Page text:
The album Svi za mnom (Everybody, follow me), released in 1986 by Helidon, brought some lineup and style changes. The album was recorded by Kojić with drummers Krasavac and Todorović and a brass section featuring Zoran Erkman also known as Zerkman and Dedža on trumpets and Branislav Trivić on saxophone. Backing vocals on the album were done by the members of the Novi Sad band Boye which collaborated with Kojić on the next releases. Other guest appearances featured Električni Orgazam guitarist Branislav Petrović Banana who did the backing vocals and former Radnička Kontrola guitarist Darko Milojković appeared as percussionist. A cover of the popular Yu Grupa song "Čudna šuma" ("The strange forest"), originally recorded in 1973, appeared as the opening track on the album. Kojić also partially used a violin theme of the Smetana' Humoreska on the track "Zašto" ("Why") and some acoustic guitar sections on the instrumental version of "Čudna šuma" called "Šuma igra" ("The forest is dancing"). The track "Ovo je zvuk" ("This is the sound") featured a part of the interview Kojić did for Vrnjačka Banja radio and "Ne, ne, ne" ("No, no, no") featured lyrics from the "Marš na Drinu" ("March on the Drina"), a Serbian patriotic World War I song. The mentioned tracks became popular and, for the first time in the band's history, were taken seriously by the media and the critics. After the record release Krasavac moved to the USA where he lives today.

In the early 1987, the band celebrated the fifth anniversary and released a live album, Najlepši hitovi! Uživo!, recorded on November 3 and 4 1986 at the Belgrade club "Akademija". The album was recorded with an eight channel technique without additional studio works. The album was released by PGP RTB records. In the meantime Todorović joined Ekatarina Velika and was replaced by former Limunovo Drvo and Katarina II drummer Dušan Dejanović and former Film and Dee Dee Mellow saxophonist Jurij Novoselić Kuzma replaced Dedža. The same record label released an EP called Dečija pesma (Children song) featuring five different versions of the song "Dečija pesma", children, disco, early, hit and superior mix of the track. The song lyrics featured the verse "Nije dobro Bijelo Dugme; Nije dobra Katarina; Šta je dobro; Šta nam treba; Kičme, Kičme Disciplina") ("Bijelo Dugme is not good; Neither is Katarina; What is good; What we need; Kičme, Kičme Disciplina"). As guests on the EP appeared Yu grupa guitarist Dragi Jelić, Ivan Vdović Vd, Srđan Todorović and Roze Poze guitarist Željko Nikolić. Ironic cover versions of Robert Palmer's "Addicted to Love" and The Cult "Love Removal Machine", recorded live at "Akademija", also appeared on the EP.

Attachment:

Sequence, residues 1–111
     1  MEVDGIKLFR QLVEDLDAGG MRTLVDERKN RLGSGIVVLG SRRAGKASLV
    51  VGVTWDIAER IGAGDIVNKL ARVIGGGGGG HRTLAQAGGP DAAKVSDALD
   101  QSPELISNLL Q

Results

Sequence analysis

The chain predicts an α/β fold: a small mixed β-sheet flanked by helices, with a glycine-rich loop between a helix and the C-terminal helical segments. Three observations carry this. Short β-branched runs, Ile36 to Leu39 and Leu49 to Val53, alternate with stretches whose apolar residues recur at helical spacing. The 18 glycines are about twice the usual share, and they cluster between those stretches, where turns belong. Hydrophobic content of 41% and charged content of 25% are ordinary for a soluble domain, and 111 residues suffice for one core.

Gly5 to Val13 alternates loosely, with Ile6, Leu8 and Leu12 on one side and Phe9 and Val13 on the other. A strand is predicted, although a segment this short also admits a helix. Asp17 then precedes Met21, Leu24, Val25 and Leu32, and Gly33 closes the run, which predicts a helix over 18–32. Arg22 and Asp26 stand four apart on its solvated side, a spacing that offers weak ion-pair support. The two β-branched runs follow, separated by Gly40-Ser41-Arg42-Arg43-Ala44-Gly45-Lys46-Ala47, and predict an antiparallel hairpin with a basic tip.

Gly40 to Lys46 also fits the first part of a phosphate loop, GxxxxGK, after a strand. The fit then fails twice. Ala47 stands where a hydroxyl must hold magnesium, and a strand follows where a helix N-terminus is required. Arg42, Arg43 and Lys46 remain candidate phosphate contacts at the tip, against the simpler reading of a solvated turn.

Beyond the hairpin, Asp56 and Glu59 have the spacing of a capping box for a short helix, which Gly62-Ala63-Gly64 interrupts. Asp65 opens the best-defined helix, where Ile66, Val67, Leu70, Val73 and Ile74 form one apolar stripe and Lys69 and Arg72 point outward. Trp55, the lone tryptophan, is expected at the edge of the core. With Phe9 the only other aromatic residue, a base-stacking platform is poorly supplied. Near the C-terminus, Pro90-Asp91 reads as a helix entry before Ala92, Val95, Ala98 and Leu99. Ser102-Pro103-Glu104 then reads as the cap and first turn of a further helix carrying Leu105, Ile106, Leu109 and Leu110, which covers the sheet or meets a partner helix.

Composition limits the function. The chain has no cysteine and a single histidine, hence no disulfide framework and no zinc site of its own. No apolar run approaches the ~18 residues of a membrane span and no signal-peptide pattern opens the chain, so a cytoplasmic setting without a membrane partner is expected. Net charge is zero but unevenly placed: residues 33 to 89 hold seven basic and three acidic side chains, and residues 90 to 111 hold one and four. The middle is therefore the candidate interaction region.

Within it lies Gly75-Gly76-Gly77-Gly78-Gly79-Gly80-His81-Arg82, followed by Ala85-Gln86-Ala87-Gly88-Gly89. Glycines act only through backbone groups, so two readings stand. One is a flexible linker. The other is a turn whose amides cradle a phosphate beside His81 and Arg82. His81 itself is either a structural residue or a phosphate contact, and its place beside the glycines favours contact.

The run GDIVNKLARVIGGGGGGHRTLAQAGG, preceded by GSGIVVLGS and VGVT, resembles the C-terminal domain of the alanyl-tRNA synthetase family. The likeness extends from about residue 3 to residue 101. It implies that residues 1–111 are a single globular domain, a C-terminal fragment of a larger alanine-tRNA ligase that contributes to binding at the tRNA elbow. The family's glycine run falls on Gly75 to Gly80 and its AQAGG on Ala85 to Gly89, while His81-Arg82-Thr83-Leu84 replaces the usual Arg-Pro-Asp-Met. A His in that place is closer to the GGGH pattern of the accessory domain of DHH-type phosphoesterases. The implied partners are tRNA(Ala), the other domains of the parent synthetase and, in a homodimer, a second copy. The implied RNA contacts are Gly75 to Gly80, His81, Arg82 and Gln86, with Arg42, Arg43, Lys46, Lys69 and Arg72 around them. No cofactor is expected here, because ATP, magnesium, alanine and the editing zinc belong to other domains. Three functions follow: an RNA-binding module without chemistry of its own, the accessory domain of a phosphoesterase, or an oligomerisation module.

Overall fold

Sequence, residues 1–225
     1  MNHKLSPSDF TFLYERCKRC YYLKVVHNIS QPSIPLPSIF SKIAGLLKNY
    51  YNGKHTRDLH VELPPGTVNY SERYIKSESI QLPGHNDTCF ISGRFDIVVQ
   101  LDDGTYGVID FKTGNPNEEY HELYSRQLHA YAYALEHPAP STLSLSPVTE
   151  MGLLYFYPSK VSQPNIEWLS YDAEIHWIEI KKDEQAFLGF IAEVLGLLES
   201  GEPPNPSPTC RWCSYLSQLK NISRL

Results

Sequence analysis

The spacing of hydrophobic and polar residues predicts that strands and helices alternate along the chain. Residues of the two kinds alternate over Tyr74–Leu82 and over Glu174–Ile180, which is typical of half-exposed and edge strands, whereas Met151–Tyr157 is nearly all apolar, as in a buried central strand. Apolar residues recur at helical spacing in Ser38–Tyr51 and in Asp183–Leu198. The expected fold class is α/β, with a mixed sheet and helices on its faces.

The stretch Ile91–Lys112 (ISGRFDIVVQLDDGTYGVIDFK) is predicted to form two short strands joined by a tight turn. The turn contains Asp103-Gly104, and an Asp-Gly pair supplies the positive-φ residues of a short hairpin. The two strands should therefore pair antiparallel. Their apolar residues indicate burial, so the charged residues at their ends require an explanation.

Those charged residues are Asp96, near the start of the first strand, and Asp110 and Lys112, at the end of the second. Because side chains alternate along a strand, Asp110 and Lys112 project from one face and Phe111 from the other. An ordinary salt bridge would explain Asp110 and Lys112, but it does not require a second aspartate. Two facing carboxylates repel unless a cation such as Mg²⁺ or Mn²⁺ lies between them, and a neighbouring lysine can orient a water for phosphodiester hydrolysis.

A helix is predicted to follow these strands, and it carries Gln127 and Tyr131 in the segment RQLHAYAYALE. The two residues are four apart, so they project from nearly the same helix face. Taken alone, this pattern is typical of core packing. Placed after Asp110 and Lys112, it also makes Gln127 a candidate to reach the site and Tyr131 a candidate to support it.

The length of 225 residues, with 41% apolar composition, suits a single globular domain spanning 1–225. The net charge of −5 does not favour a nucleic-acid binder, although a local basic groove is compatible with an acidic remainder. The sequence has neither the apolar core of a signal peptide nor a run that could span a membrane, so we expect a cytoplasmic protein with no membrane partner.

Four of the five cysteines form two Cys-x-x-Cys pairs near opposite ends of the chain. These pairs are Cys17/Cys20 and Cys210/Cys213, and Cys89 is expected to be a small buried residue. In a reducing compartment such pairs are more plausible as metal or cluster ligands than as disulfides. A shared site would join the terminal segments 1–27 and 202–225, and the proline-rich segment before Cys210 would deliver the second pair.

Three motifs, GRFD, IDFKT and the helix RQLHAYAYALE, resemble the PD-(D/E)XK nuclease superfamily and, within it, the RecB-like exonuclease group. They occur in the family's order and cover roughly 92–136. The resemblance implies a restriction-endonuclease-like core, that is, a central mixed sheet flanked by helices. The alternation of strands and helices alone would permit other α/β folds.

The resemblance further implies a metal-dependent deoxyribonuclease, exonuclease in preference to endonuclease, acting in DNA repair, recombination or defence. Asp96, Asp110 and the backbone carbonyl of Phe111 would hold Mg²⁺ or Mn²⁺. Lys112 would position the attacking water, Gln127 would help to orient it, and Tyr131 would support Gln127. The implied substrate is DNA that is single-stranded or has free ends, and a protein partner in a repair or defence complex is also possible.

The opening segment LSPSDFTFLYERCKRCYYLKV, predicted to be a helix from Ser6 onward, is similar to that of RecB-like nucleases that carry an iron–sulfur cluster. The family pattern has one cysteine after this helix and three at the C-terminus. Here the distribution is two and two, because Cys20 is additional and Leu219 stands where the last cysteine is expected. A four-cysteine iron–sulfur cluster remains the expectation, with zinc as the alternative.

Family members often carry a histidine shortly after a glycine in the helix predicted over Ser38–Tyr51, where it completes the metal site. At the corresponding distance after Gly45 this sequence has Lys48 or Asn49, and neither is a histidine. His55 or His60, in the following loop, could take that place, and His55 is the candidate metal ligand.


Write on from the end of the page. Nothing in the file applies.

The same lineup recorded the album Zeleni Zub na Planeti Dosade (Green Tooth at the Boredom Planet), released in 1989 by PGP RTB, with the tracks "Tata i mama" ("Dad and mum"), "Ah, kakva sreća" ("Oh, what happiness"), "Iza 9 brda" ("Behind 9 hills") and "Betmen, Mandrak, Fantom" ("Batman, Mandrake, Phantom"). In February 1990 Kojić appeared on MTV show "120 Minutes" and the promotional video for the English version of "Dečija pesma" ("Children song") was broadcast. In the meantime Kojić, with Vlada Divljan and Srđan Gojković Gile, recorded the soundtrack for the movie Kako je propao rokenrol (The fall of rock 'n' roll) and appeared in the movie as the super-hero Zeleni Zub.

The album Nova iznenađenja za nova pokolenja (New surpriezes for new generations), released in early 1991, featured former Haustor drummer Srđan Gulić Gul and former Pop Mašina and Innamorata i Papatra drummer Dušan Đukić Đuka on goč (a Serbian folk drum). The album featured the usage of sampled music, on "Buka u modi" ("Noise in fashion", featurinh a sampled riff of the Dah song "Noćna buka" ("Night noise")), "Zlopamtilo" ("Grudge-bearer", featuring a part of the Yu Grupa song "Bio jednom jedan pas" ("Once uppon a time there was a dog")) and "Zemlja svetlosti" ("The land of light", featuring chorus of the Time song "Rokenrol u Beogradu" ("Rock 'n' Roll in Belgrade")) which is a cover version of the Pop Mašina single. "Buka u modi" was also released on single with a different version of the track on the B-side. At the time Kojić was also playing the guitar in the ad hoc band Kod Tri Balona performing cover versions of Atomsko Sklonište, Buldožer, Pop Mašina, Smak and Yu Grupa.

On March and June 1991 at the students' protest in Belgrade, Kojić's lyrics "Vreme je za pravdu; Vreme je za istinu" ("It is time for justice; It is time for the truth") were shouted and the song "Buka u modi" became an unofficial anthem of the Winter 1996 / 1997 protests in Belgrade. The last concerts the band held in August 1991 in Kopar and Pula. In 1992 Kojić went to London and Zerkman went to Holland... (wikipeda)